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St. Patrick’s Day History

by admin on March 1, 2012

March is here and that means it is time to start counting down to our favorite holiday—St. Patrick’s Day! Break out your green clothes, shamrocks, and festive spirits and get ready to celebrate with Molly Maguire’s, where the Guinness is flowing and traditional Irish meals are warm and delicious! But before you put on that green sweater, Molly Maguire’s Black Point Inn is serving up some St. Patrick’s Day history!

The Man behind the Green

Did you know that the St. Patrick we all know and love every March 17 was born in Britain?  At the age of 16, his world was turned upside down when he was kidnapped and sent overseas to tend to sheep as a slave in the cold Irish countryside for seven years.

He later escaped, but then returned to Ireland and was credited for bringing Christianity to the people of Ireland. His death that is believed to be on March 17 became ingrained in the Irish culture. The most well known legend of St. Patrick is that he explained the Holy Trinity, using the three leaves of a native Irish clover, the shamrock.

The Celebration

Since around the ninth or tenth century, people in Ireland have been observing the Roman Catholic feast day of St. Patrick on March 17. The religious feast day was celebrated to mark the anniversary of his death in the fifth century. The Irish have observed this day as a religious holiday for over a thousand years!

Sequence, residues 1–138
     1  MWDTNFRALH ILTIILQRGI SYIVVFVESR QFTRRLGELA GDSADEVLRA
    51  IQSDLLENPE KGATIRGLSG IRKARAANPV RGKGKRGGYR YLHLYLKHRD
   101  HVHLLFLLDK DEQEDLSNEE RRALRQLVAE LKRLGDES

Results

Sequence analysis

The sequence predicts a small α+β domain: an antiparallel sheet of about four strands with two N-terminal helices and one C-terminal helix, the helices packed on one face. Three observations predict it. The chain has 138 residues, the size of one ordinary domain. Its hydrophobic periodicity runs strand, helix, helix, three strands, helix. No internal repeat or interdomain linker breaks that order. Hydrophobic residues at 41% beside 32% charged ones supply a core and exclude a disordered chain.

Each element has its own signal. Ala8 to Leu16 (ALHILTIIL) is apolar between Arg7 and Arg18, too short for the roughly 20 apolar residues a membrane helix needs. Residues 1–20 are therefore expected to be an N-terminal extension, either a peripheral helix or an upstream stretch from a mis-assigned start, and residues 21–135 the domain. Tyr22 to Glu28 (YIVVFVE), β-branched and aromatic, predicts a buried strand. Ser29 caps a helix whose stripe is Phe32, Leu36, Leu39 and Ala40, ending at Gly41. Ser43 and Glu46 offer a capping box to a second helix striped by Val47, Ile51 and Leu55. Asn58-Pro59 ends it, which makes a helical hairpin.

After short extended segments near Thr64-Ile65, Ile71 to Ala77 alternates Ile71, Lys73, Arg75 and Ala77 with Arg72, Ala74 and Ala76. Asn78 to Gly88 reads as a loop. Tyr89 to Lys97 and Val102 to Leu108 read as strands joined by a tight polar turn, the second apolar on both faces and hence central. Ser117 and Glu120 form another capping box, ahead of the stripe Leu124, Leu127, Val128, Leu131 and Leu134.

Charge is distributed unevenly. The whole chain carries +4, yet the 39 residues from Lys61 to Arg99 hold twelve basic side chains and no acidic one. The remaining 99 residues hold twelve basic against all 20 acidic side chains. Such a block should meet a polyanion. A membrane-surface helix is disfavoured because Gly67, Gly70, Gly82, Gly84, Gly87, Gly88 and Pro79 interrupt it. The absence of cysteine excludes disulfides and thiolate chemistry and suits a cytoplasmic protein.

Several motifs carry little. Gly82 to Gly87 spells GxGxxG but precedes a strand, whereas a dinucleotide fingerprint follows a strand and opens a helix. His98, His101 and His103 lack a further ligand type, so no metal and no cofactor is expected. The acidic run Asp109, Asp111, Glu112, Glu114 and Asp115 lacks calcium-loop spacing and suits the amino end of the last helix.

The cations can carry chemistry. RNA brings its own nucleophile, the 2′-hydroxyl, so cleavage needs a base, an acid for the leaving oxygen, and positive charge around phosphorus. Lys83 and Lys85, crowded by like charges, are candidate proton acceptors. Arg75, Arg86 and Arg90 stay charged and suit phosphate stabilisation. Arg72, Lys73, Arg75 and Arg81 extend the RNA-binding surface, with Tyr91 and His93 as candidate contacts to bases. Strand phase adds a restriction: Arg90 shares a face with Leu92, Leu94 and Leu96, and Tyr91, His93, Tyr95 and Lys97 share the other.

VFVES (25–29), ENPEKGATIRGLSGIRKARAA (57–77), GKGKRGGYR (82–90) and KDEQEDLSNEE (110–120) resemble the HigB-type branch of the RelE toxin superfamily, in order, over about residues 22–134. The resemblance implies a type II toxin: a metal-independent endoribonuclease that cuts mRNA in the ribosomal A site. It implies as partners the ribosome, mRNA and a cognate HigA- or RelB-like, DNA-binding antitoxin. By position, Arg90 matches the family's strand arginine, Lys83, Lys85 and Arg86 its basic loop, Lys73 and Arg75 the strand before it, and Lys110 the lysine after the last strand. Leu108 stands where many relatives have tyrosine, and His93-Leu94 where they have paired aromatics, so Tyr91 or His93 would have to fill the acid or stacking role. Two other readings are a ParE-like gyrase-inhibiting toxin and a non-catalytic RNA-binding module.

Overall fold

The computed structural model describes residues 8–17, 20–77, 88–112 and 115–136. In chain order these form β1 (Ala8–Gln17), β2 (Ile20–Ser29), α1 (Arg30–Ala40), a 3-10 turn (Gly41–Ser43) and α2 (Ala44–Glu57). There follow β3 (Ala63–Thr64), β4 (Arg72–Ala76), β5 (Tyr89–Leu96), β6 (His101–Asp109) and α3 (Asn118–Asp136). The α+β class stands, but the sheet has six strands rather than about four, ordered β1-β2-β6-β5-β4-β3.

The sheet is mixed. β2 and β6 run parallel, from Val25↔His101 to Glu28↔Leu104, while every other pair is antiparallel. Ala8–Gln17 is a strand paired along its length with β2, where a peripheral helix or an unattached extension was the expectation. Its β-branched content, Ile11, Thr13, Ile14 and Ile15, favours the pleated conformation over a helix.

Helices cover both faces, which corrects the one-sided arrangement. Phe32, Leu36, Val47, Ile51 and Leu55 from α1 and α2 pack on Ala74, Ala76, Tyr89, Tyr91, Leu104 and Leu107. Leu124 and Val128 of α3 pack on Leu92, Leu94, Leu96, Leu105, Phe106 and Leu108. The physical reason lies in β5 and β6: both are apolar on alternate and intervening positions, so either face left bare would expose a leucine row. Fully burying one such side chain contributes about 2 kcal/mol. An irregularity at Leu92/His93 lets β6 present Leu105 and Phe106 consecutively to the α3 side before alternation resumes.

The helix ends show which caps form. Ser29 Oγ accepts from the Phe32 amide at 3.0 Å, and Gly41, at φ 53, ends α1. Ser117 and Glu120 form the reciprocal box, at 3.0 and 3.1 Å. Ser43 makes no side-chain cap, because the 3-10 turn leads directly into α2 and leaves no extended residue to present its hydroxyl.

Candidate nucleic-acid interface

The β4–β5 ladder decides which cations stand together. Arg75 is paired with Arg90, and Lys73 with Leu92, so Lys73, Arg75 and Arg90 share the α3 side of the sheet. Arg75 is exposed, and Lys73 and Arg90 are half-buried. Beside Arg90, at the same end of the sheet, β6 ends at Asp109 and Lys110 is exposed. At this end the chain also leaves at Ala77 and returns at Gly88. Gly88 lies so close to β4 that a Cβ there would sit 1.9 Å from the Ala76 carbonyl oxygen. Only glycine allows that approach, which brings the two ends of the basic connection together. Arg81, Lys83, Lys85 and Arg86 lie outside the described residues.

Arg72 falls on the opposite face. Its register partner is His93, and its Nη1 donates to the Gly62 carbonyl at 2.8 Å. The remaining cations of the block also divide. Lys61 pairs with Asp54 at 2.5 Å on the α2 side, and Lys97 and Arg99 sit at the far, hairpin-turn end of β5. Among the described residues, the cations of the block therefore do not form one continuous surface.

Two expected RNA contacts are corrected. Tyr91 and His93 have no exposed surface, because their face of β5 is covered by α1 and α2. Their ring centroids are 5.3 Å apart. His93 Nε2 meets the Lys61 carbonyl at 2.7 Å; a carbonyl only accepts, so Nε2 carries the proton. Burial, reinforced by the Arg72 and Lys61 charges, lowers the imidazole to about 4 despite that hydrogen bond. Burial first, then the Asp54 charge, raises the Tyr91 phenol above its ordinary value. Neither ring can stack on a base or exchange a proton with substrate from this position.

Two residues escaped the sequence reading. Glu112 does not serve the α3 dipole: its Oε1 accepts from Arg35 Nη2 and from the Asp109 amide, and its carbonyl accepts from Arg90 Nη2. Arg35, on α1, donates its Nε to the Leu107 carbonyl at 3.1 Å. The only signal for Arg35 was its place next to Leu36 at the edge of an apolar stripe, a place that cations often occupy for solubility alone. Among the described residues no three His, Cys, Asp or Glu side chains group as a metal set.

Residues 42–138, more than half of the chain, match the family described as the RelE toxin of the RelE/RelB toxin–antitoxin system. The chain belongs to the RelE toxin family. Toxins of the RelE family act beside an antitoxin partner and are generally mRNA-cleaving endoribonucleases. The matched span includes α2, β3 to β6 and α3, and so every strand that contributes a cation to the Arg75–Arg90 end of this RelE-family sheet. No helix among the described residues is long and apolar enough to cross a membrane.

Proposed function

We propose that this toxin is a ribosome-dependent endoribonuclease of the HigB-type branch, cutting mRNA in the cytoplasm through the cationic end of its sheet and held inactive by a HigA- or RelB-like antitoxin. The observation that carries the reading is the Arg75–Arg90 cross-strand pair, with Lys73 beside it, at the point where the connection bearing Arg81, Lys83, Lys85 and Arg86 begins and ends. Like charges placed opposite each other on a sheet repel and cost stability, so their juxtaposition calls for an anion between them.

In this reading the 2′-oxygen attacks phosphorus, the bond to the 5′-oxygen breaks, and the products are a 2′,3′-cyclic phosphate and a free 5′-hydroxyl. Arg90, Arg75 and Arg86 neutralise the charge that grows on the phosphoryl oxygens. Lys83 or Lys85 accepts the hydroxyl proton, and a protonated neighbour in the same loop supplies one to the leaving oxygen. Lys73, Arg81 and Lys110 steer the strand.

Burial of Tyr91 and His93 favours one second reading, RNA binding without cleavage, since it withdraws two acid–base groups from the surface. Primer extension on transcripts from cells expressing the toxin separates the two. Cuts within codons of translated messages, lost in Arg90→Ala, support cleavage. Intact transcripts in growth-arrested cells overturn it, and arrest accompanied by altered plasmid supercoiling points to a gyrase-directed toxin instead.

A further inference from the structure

Since St. Patrick’s Day falls during the Christian season of Lent, Irish families would attend church in the morning and celebrate in the afternoon. Prohibitions during Lent about the consumption of meat were waived, and people would dance, drink and feast on the traditional meal of Irish bacon and cabbage!

The First Parade

Surprisingly, the very first parade held to honor St. Patrick’s Day took place on March 17, 1762 in New York City! Irish soldiers serving in the English military marched through the streets of the city. Along with the music that they played, the parade helped the soldiers to reconnect to their Irish roots, as well as with fellow Irishmen serving in the English army.

Growth of the Parades

Over the next few decades, Irish patriotism sprung up among American immigrants. With the rise of this patriotism came societies such as the Friendly Sons of Saint Patrick and the Hibernian Society. Each group would hold annual parades where they featured bag pipes and drums!

In 1848, New York Irish Aid Societies decided to ban together to form one official New York City St. Patrick’s Day Parade. Today, the parade is the world’s oldest civilian parade and the largest in the United States, with over 150,000 participants! Each year, nearly three million people line in the 1.5 mile parade route to watch this impressive procession—which lasts more than five hours! Today, cities such as Boston, Chicago, Philadelphia and Savannah also celebrate with their own parades.

With a holiday so rich in history, no wonder it is so much fun! But don’t worry; you don’t have to wait until March 17 to indulge in a little Irish culture, come visit us in Rumson! Molly Maguire’s is here to provide you with a traditional Irish pub experience complete with delicious food, drinks, entertainment and warm hospitality. “Like” us on Facebook to see our specials!

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